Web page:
Two World Wars changed the whole landscape of world geopolitics. Europe had turned in on itself and the United States emerged as the dominant force throughout the globe. As the Old World reeled after the ravages of war, in the New World trade was booming (just as it had done in Britain in the century before). Jazz, rock ‘n’ roll, pop music, spawned in Britain as in the America, infiltrated the culture of people everywhere. Hollywood films were exported worldwide. Business, science, literature, politics, diplomacy, television, trade were dominated by the United States and the common language was English. The internet was invented in the US; the entire lexicon for technology and computers was created in English (though I have to confess that some of the terms are all Greek to me), spreading like wildfire around the globe. The world of science too is largely dominated by English.

And yet and yet… There is another reason that English has readily lent itself to world domination, the same reason that it survived the catastrophic Norman Conquest in 1066. Overnight, after the Battle of Hastings, the ruling class - the French - took over the country. The English king, the officer class, the nobility, the aristocracy, the landowners, the clergy and the forces of law and order had been wiped out. The language of the court, of the nobility, of the military, of the church, of the law, of just about anybody who counted, was now French. By any yardstick, English, or Anglo-Saxon as it was, should have become extinct. But it didn’t. It sort of merged with the French, testament to its inherent flexibility and its tractability. English is easy to learn. It has a simple grammar, its plurals are straightforward, its verb conjugations are not complex, its vocabulary is extensive and supple, and its nouns are largely gender-neutral. In short, it has displayed a remarkable ability to adjust and assimilate. Some would argue that is because we have never had the equivalent of the Academie Francaise, which lays down the rules for the purity of the French language. Nobody has ever argued that English is pure and immutable. Why, even Shakespeare spelt his own name with several variations.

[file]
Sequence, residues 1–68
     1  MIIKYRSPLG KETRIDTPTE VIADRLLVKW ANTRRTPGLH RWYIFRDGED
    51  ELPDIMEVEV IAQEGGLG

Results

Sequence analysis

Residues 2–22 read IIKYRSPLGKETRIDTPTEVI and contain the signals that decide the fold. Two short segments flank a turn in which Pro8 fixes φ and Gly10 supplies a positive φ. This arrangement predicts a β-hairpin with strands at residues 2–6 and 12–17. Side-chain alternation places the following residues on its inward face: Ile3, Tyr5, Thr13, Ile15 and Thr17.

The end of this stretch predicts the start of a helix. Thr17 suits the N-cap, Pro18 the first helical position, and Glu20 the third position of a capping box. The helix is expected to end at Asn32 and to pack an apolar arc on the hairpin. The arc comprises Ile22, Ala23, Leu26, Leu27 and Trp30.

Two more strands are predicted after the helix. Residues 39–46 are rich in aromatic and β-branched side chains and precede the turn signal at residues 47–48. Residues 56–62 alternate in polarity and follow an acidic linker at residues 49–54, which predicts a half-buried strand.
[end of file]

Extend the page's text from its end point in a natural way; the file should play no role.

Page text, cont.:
So, ask yourself, what have the Americans ever done for us? Well, yes, apart from the English language, that is….